Then there's Jack and Bex. I have read quite a number of YA novels that have been quite candid about sex, but I think Night Owls might be the first one where the characters have a conversation about it. Jack basically says, "Let's sit down and talk about sex." He's serious, and he's grown up about it. He has his reasons, but I just think it's so responsible of him even without those reasons. It's not so much a conversation about contraception - though talk of condoms does come up in the book a few times - but more about enjoyment. A "What does and doesn't work for you?" conversation. Jack is not a guy who wants to go in blind and hope for the best, he wants to make sure his girl will enjoy herself just as much as him. I really, really like this guy! And when it comes to them actually having sex, it's not completely perfect. There are awkward moments, things they find don't quite work, and experimentation. For them, it's not just about their own orgasm, but about the other person too - they're having sex together, with each other. Maybe there are some blips and some missteps, but they're not selfish. And this is so wonderful to see!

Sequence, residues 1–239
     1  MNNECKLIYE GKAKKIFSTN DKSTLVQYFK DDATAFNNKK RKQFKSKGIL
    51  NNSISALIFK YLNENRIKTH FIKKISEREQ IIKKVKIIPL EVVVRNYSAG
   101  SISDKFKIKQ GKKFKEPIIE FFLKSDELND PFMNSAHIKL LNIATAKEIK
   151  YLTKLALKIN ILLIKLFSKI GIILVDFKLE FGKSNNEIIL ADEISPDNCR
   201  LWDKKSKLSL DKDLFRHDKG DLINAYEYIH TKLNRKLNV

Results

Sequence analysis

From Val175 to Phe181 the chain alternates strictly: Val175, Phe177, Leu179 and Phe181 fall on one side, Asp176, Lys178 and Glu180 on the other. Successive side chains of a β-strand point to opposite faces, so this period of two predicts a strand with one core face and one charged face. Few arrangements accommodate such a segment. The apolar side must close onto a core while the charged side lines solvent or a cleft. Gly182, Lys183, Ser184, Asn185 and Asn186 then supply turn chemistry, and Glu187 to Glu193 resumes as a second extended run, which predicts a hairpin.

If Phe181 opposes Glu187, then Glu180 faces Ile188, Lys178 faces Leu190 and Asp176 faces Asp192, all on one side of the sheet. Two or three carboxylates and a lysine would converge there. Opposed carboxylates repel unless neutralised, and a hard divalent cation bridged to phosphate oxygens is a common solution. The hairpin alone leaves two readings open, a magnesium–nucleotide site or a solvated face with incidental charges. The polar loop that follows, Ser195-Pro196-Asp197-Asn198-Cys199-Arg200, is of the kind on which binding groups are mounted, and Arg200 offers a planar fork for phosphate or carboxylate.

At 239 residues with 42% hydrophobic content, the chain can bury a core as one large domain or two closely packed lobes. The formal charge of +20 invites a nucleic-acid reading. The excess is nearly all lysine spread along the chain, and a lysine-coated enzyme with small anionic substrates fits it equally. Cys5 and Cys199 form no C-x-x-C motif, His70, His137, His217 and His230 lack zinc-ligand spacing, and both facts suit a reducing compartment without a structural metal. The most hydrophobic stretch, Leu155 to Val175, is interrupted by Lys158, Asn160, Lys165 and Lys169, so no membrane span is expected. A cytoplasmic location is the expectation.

As well as being a book about romance, about art, and one that's sex positive, it's also diverse. There are also characters in this book who are gay or have mental illnesses. Although Night Owls isn't necessarily strictly about being gay or having a mental illness, these aren't tiny parts of the story, as they're not tiny parts of the characters. The focus is on Bex and Jack, but these other characters get their chance in the spotlight too. I don't want to say too much because of spoilers, but I love what Night Owls does for these characters, and for diversity.

Night Owls is quite simply just a wonderful novel! I absolutely loved it, and I know I'll be recommending it to everyone. I am really, really looking forward to reading more by Bennett in the future, because Night Owls is just gem of a book!

Thank you to Simon & Schuster Children's Books via NetGalley for the eProof.

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Published: 13th August 2015
Publisher: Simon & Schuster Children's Book
Jenn Bennett's Website